A Bristol Woman's Determined Journey to Physicianhood

At age 46, Margaret Furtado decided to pursue her dreams of being a doctor – and the hard work paid off

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Dr. Margaret Furtado’s life reads like a screenplay: At three years old she travels with her parents from the Azores to Bristol, where she grows up and builds a successful career as a registered dietitian with leadership positions at Boston Medical, Tufts Medical, Mass General, and John Hopkins. She authors two well-respected books on nutrition and weight loss surgery and becomes a noted international public speaker. Wanting more, she considers obtaining a PhD in nutrition when a longtime friend encourages her to pursue her lifelong secret dream of becoming a physician. At age 46, the arduous journey begins: Prerequisite courses while working a demanding job, three years of rejections before eventual acceptance, infinite hours of studying to pass the boards (and not to mention a house fire and horrific attack thrown into the mix). But all of the sacrifices and challenges faded into the background when she learned she was matched with her top choice, Roger Williams Medical Center, where she begins her residency in Internal Medicine this month.

FAMILY HISTORY: When I was growing up it had been a cultural influence to do something less rigorous than medicine and work in the field of nutrition, which was viewed as a better lifestyle if I was going to be married with children. Well, my life didn’t work out that way. My parents and sister have been so supportive.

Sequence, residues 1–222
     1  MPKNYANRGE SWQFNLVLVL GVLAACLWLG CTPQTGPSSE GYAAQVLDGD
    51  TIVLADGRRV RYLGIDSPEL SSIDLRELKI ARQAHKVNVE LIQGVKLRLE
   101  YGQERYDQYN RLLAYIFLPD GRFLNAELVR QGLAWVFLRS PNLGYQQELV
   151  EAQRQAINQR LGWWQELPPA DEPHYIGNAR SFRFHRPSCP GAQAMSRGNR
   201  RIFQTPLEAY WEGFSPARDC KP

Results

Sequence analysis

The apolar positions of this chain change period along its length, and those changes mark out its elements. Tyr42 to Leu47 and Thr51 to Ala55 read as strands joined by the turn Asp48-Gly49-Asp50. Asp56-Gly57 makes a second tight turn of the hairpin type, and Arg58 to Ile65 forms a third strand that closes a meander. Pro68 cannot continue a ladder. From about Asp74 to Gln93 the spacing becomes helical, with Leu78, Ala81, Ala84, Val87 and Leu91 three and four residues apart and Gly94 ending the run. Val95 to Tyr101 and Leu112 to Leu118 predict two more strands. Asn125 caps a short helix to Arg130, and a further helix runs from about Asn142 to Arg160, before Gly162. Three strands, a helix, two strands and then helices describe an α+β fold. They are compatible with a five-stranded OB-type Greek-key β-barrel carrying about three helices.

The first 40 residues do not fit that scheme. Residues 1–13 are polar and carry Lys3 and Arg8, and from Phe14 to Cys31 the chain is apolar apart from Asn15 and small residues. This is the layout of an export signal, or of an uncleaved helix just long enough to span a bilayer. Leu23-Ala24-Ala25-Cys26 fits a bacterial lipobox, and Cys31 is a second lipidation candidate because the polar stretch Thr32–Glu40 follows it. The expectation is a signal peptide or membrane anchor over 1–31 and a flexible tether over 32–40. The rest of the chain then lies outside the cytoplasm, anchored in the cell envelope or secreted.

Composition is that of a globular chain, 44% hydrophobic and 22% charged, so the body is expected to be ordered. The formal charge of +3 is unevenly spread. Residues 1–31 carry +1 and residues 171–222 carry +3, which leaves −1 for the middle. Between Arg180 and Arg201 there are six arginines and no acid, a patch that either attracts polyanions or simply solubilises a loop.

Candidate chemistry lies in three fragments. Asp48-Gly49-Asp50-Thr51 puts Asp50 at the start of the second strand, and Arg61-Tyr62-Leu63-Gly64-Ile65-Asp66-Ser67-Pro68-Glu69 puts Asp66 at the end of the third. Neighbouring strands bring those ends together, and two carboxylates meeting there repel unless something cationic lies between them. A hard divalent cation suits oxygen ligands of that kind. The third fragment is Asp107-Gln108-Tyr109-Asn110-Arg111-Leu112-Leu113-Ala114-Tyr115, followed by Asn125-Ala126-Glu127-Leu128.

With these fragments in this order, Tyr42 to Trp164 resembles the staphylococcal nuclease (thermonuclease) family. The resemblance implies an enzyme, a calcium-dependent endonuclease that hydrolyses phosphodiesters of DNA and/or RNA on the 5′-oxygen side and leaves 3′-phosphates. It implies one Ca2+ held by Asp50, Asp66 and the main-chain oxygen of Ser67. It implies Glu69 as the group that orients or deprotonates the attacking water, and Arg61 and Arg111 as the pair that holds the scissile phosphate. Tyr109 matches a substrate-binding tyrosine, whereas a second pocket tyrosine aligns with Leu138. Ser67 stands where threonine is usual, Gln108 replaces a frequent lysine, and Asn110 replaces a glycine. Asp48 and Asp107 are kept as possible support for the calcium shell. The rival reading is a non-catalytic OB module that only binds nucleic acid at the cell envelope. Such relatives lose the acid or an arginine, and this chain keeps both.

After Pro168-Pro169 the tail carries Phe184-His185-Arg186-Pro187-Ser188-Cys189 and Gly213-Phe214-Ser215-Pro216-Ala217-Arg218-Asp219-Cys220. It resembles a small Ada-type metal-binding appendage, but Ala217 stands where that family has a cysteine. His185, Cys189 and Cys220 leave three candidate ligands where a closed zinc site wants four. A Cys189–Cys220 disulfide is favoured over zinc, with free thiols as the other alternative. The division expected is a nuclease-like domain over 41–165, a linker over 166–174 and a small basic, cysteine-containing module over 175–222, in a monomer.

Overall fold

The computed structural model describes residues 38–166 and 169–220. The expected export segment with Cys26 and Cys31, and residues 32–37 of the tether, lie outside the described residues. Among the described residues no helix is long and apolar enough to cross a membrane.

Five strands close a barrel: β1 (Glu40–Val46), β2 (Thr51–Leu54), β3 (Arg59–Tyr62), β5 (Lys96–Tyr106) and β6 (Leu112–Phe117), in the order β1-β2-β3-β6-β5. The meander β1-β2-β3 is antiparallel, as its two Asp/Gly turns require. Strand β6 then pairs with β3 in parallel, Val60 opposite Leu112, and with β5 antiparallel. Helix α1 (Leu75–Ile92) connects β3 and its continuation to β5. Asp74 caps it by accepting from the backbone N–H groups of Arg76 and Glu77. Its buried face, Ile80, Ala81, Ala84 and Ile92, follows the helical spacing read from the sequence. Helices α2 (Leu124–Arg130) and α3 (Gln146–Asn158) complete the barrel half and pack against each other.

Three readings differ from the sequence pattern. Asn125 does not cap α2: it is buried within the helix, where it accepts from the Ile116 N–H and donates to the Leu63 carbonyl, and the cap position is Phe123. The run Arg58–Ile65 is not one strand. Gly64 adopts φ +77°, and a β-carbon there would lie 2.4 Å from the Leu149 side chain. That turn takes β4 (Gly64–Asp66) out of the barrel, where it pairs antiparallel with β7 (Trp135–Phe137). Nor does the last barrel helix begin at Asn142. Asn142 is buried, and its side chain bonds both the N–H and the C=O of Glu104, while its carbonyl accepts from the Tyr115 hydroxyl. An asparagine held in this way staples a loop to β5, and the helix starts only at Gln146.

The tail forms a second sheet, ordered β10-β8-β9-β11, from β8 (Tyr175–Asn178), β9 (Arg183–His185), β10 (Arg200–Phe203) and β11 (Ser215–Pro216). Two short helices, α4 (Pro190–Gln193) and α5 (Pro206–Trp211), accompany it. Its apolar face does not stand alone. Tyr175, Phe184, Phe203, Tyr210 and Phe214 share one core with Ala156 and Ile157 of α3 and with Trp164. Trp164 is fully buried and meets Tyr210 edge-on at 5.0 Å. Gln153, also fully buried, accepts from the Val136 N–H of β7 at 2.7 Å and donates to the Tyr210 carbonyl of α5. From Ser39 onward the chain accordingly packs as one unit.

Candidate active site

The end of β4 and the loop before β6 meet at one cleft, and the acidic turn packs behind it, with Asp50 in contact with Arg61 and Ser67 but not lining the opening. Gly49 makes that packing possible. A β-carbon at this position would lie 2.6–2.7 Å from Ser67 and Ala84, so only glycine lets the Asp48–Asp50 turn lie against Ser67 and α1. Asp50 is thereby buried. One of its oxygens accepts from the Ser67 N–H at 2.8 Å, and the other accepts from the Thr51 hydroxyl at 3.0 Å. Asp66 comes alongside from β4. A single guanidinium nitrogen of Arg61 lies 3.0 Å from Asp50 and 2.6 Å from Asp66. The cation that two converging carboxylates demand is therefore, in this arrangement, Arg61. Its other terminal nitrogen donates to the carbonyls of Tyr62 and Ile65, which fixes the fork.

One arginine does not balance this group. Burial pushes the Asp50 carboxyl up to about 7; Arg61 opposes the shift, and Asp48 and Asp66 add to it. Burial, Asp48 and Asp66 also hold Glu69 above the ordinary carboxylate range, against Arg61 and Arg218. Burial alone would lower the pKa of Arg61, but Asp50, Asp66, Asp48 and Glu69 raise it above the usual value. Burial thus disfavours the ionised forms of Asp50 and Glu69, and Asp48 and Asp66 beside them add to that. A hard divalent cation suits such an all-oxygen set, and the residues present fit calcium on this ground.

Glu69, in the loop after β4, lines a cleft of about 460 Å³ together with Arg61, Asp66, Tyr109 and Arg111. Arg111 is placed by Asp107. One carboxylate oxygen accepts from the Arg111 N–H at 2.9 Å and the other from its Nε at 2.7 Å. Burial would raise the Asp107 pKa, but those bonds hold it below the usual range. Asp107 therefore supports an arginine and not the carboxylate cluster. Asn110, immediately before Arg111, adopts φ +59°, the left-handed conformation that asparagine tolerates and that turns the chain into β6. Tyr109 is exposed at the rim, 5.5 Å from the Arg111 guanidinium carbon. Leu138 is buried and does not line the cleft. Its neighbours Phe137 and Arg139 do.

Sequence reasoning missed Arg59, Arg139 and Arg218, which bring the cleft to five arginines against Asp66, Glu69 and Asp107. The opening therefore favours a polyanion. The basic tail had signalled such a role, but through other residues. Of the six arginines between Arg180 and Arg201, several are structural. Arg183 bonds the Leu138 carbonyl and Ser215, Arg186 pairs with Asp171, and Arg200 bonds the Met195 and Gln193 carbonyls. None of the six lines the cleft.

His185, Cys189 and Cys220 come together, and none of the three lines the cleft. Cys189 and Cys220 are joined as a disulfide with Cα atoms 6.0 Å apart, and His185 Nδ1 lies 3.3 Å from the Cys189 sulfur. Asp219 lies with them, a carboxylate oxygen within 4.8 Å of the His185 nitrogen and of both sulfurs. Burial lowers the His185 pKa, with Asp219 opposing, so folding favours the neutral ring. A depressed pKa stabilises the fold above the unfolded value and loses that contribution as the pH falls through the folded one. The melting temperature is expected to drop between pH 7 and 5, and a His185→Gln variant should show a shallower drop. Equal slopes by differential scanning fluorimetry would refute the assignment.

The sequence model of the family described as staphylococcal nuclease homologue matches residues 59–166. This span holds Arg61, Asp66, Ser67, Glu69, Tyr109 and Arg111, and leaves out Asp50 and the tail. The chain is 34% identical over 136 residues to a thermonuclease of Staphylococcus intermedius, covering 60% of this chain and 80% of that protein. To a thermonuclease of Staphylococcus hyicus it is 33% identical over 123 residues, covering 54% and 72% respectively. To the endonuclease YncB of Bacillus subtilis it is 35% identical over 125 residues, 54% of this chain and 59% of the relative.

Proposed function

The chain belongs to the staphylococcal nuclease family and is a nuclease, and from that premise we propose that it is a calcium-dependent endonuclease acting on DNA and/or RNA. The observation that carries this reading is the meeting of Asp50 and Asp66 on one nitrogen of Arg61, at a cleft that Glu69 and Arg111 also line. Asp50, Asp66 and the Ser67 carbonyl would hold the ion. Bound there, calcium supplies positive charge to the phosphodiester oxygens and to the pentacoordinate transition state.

GUT FEELING: I fell in love with my work in Obesity Medicine. I was thinking of getting a PhD in it. My good friend Robert Crausman, who worked with me when we were teenagers at Metacom Manor and is now a doctor, said, “Margaret, you have way too much fire in your belly for a PhD. You want medicine.”

MIRACLE MOMENT: I was about to drop out of medical school. I had booked my ticket to go home when one night I was walking with some friends and was attacked by a guy with a hammer. The whole ride to the hospital I kept thinking, “I hope my brain is okay so I can continue to be a medical student.” I was not going to let the attacker kill my dreams. It motivated me. I decided to transfer to American University of Antigua Medical School.

MATCH DAY: From June 2019 to January of 2020, I went to Rogers Free Library to study for the board exams every day from 9am to 4pm. I would place my vision board in front of me to motivate me when I was feeling overwhelmed. In my childhood home surrounded by my family on March 19, I got my top choice!

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